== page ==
Today the Bank of Japan (BoJ) confirmed that it has started central bank digital currency (CBDC) trials. The aim is to explore the technical feasibility of a digital yen in its first phase Proof of Concept (PoC) which will last for a year to March 2022. The central bank has not yet decided whether to proceed with a CBDC.
A short statement said it would trial basic functions such as issuance, distribution and redemption.
Six months ago, the central bank published a CBDC document in which it outlined three stages of trials, including two phases for Proofs of Concept followed by a pilot.
In March, BoJ Governor Haruhiko Kuroda also spoke about some of the drivers. Japan’s objectives are a little different from most countries because of the heavy use of cash in retail payments and the 2011 earthquake and tsunami, which caused widespread disruption. Hence there is a greater emphasis on the ability to execute payments offline.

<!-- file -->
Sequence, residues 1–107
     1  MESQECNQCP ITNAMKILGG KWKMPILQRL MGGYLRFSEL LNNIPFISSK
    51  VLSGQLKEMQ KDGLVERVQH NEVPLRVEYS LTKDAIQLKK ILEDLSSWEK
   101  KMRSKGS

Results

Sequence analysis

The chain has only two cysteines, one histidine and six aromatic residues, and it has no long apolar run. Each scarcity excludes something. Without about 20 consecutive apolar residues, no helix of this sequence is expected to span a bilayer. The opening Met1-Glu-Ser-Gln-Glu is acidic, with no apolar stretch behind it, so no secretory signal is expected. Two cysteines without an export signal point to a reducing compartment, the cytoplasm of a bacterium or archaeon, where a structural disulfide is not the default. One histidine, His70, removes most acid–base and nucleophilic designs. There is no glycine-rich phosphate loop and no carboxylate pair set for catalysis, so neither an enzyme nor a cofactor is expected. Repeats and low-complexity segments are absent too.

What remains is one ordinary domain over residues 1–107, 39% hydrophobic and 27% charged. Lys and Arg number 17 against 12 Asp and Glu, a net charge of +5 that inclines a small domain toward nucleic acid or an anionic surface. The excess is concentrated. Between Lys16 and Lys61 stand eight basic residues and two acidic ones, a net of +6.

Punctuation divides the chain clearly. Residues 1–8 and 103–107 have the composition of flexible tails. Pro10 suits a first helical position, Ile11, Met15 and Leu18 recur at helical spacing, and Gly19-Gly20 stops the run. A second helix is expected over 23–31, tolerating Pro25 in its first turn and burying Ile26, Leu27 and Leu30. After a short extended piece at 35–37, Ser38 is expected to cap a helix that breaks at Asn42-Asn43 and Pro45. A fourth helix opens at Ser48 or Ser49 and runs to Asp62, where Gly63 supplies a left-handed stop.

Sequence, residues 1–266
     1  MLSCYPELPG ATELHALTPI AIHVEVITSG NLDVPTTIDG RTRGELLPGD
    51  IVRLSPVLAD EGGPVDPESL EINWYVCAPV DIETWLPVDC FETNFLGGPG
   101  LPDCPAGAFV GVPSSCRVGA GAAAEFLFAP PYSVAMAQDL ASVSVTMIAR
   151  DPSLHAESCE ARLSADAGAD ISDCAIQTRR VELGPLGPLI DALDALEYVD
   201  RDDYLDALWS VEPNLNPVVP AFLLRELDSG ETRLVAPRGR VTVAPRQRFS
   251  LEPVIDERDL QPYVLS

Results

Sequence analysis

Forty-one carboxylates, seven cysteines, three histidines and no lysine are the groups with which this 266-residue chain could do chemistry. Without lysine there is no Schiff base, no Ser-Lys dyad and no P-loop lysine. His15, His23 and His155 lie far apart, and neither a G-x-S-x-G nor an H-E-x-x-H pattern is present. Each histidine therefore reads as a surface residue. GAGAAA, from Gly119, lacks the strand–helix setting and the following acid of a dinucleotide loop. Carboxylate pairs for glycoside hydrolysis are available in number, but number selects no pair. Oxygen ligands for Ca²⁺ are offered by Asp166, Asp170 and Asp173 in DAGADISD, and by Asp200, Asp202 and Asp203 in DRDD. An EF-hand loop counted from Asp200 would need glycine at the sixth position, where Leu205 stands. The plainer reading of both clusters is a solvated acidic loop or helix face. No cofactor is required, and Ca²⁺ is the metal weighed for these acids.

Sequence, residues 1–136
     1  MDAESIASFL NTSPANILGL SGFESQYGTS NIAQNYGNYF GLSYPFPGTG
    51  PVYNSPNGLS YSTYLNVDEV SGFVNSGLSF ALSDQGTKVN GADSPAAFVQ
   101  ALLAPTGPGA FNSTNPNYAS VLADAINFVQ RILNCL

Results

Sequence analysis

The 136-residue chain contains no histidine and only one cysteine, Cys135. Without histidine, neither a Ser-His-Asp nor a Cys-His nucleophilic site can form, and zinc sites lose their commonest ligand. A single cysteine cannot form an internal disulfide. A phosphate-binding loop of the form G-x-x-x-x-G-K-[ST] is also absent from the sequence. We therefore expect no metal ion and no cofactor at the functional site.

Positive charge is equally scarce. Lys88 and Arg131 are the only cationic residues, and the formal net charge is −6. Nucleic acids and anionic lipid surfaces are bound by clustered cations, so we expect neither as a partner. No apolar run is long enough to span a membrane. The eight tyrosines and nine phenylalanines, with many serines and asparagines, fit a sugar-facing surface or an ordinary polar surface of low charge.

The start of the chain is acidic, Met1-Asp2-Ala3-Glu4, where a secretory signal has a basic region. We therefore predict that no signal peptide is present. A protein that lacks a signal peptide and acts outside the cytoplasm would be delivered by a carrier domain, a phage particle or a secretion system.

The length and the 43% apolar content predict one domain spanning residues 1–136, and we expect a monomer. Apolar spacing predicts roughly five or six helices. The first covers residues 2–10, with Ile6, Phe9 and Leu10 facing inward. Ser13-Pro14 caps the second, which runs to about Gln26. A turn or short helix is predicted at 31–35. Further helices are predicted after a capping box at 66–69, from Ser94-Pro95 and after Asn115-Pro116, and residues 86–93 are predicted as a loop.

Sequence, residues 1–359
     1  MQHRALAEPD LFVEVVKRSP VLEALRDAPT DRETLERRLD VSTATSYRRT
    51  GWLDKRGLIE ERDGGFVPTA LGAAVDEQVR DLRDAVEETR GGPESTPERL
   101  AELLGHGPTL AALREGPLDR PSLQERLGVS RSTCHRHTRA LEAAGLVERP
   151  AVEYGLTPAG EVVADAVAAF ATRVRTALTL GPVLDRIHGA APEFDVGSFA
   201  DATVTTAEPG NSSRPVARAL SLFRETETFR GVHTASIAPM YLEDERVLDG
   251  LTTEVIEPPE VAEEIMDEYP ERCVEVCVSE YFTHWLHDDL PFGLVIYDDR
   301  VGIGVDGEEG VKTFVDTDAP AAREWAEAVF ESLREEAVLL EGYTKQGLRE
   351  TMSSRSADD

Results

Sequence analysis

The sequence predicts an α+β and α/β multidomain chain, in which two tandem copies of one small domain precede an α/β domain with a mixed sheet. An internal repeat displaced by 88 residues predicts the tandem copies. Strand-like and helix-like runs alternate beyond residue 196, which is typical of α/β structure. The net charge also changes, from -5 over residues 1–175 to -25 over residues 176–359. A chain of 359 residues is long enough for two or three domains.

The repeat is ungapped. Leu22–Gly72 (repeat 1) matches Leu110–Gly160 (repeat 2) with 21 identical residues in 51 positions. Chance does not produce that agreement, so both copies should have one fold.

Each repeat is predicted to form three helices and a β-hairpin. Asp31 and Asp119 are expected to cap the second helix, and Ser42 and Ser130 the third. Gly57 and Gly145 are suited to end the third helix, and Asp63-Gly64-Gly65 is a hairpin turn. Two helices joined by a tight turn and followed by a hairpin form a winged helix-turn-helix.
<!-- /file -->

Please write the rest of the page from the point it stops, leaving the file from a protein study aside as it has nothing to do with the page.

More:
Although the cash usage is still high, the BoJ is keen to be prepared for change. And it also wants to support a digital society. Additionally, the central bank is eager to improve payment and settlement efficiency. Most domestic payments are executed during banking hours. Addressing this limitation is one of the motivations behind various private sector initiatives such as SBI’s Money Tap (which uses RippleNet technology) and Mizuho’s J-Coin, which does not use blockchain technology.
Meanwhile, other digital currency initiatives are forging ahead. China’s digital yuan trials have progressed to a second wave of pilots, the Bahamas launched its Sand dollar last year, and other Caribbean states are following, with the Eastern Caribbean starting a blockchain-based pilot and Jamaica announcing CBDC plans that don’t include blockchain.